NPR Watch (4/7/16)


I was listening to National Public Radio on the way in to work this morning. It was their usual morning fake news program, called “Morning Edition.” On came a feature about the courageous governor of Vermont, one Peter Shumlin (I think), who was banning paid travel to the retrograde states of North Carolina and Mississippi.

You see, North Carolina had enacted a law that suggested to people with male physical equipment that they use the men’s room, while those with female physical equipment should use the ladies’ room. That, according to the brain-dead Governor Shumlin meant that you were discriminating against those with male equipment who think they’re women, and those with female equipment who think they’re men.

Oooooooohhh!!! Those big meanies in North Carolina!

In Mississippi, they enacted a law that said that businesses or organizations could “deny service” to anyone (read: LGBTQ people(1)) if they could show that it would violate “their sincerely-held religious or moral convictions,” and as long as there were no emergency or life-endangering other circumstances. Or something of the sort.

The NPR reporterette, the intellectually lightest of lightweights, Renée Montaine, asked the obvious: “Well, what about those who have sincerely-held convictions that they shouldn’t provide service for certain people?” Surprisingly, for someone as knee-jerkly orthodox a leftist as Montaine is, it was a good question! However, the even knee-jerkier leftist half-wit Shumlin, perfectly predictably, answered as stupidly as possible: “Well,” he said, “there were people who objected to slavery (of course!) on religious and moral grounds too!”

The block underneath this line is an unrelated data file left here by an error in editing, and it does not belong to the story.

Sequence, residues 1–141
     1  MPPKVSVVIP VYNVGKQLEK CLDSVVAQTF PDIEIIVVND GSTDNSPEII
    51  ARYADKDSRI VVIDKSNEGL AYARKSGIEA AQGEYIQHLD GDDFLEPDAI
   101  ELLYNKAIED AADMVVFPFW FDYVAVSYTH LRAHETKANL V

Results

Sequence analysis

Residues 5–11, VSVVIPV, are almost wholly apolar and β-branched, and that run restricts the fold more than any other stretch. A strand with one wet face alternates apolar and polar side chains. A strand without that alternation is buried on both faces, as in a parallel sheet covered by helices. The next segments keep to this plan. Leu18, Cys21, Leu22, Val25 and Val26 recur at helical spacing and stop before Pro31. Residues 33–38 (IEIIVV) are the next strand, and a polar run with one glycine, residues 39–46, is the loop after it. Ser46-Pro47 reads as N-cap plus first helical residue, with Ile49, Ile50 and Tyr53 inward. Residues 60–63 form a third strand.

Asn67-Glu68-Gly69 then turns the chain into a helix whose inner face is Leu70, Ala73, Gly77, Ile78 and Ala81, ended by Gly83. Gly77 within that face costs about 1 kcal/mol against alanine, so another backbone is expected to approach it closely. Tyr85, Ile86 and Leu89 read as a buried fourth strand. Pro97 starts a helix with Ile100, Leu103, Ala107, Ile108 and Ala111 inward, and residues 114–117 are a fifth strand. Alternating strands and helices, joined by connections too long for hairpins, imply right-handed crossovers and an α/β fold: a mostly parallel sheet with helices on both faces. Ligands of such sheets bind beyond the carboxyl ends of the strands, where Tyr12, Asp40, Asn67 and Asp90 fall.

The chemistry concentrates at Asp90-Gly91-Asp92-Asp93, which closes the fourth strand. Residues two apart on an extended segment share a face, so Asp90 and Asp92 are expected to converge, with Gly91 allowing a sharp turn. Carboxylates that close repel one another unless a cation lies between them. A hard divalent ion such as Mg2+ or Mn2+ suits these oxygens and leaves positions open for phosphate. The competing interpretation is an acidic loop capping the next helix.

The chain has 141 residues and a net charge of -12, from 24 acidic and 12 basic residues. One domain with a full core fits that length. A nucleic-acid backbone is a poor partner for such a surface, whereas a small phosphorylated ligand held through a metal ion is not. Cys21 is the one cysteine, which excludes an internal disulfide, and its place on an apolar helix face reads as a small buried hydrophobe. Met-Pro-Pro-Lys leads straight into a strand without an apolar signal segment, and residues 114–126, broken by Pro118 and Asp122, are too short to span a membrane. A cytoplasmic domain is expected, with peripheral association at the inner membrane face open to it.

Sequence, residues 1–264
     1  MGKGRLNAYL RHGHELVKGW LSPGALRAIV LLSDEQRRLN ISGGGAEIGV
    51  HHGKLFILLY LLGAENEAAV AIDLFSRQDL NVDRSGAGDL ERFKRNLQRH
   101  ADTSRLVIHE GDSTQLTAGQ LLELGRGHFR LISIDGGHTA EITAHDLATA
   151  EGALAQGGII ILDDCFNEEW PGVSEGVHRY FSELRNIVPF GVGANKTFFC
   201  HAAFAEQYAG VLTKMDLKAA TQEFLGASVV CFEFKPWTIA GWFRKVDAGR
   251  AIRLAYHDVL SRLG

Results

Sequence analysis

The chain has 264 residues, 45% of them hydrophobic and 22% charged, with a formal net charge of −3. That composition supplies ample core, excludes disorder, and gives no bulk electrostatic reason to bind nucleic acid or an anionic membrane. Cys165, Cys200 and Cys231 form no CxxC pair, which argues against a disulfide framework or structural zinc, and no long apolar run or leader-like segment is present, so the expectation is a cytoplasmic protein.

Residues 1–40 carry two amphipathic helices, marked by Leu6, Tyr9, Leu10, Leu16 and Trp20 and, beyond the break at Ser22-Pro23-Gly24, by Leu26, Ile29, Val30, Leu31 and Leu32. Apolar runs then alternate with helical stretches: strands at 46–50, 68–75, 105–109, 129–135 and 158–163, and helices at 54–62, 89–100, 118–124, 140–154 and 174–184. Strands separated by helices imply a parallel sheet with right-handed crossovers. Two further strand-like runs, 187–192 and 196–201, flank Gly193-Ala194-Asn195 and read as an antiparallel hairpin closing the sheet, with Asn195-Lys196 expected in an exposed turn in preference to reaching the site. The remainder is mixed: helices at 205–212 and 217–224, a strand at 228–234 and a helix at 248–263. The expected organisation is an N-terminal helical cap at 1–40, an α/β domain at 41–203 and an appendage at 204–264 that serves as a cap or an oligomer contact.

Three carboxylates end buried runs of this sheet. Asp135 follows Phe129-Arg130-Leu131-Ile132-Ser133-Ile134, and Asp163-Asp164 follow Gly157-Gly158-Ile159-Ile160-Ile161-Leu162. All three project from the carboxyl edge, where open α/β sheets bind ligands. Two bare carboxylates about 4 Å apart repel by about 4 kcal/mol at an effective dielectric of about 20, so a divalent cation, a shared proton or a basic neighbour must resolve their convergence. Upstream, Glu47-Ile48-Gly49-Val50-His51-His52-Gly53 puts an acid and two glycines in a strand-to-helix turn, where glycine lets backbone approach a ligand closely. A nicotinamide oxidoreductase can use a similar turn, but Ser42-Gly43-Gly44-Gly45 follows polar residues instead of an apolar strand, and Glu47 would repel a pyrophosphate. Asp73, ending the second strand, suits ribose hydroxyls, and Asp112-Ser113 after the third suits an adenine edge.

Stupid, fraudulent argument. Therefore, of course, the go-to argument for the American left.

First: Slavery is the involuntary subjugation of one person by another. There’s simply nothing involuntary about the behavior of the LGBTQ weirdos. Second: If we take that analogy to its proper conclusion, then there’s no reason to discriminate against, any other completely voluntary behaviors like, say, robbing a liquor store. Or selling heroin. Or killing someone else. Or selling and snorting cocaine. After all, it’s just who they are. Who are we to say it’s wrong?

Don’t talk to me about “drawing lines somewhere.” All the lines that had already been drawn, most of which made good sense, have been obliterated. Now, we have to pretend that engaging in sex-like activities with someone of the same sex is not only normal, but great and somehow noble.

Hogwash. It’s abnormal, unhealthy, and harms those who engage in it.

Let’s go back to North Carolina for a moment. You know, the place where they had to make a freakin’ law that says that men should use the men’s room, while ladies should use the ladies’ room. (If you were ever wondering whether this country has gone completely around the bend, off the tracks, and clean out into la-la land…)

Let’s examine what clodpoles like Peter Shumlin are suggesting. Imagine a huge ladies’ room. In it are 99 women. In walks a person who looks, walks, shaves, acts, talks, is like a dude.

The women, outraged, suggest that the dude leave. “But wait! Not to worry,” says the dude, “I’m really a woman, just like you!” How do you think the women will react? Somehow, I don’t think they’ll just say, “Oh, okay… our bad. Come on in and do your business, just like the rest of us.” I think they’ll even more enthusiastically suggest that the dude leave.

Shumlin, though, insists that it’s better to discriminate against the vast majority of the people, than against the very few.